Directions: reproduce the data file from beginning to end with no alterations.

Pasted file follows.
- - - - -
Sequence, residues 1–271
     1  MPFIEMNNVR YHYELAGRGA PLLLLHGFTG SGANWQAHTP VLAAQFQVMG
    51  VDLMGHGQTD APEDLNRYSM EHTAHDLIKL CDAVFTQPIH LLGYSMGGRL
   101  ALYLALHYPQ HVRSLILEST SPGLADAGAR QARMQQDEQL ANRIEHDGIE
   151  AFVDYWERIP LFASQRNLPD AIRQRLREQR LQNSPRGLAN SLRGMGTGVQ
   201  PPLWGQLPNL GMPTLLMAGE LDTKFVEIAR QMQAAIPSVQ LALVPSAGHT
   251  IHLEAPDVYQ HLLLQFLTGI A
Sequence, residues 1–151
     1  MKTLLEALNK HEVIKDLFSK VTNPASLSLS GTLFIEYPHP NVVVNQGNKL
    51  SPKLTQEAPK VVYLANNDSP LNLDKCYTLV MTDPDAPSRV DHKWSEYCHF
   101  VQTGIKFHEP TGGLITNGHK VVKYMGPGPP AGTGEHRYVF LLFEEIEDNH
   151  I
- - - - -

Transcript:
Sequence, residues 1–271
     1  MPFIEMNNVR YHYELAGRGA PLLLLHGFTG SGANWQAHTP VLAAQFQVMG
    51  VDLMGHGQTD APEDLNRYSM EHTAHDLIKL CDAVFTQPIH LLGYSMGGRL
   101  ALYLALHYPQ HVRSLILEST SPGLADAGAR QARMQQDEQL ANRIEHDGIE
   151  AFVDYWERIP LFASQRNLPD AIRQRLREQR LQNSPRGLAN SLRGMGTGVQ
   201  PPLWGQLPNL GMPTLLMAGE LDTKFVEIAR QMQAAIPSVQ LALVPSAGHT
   251  IHLEAPDVYQ HLLLQFLTGI A
Sequence, residues 1–151
     1  MKTLLEALNK HEVIKDLFSK VTNPASLSLS GTLFIEYPHP NVVVNQGNKL
    51  SPKLTQEAPK VVYLANNDSP LNLDKCYTLV MTDPDAPSRV DHKWSEYCHF
   101  VQTGIKFHEP TGGLITNGHK VVKYMGPGPP AGTGEHRYVF LLFEEIEDNH
   151  I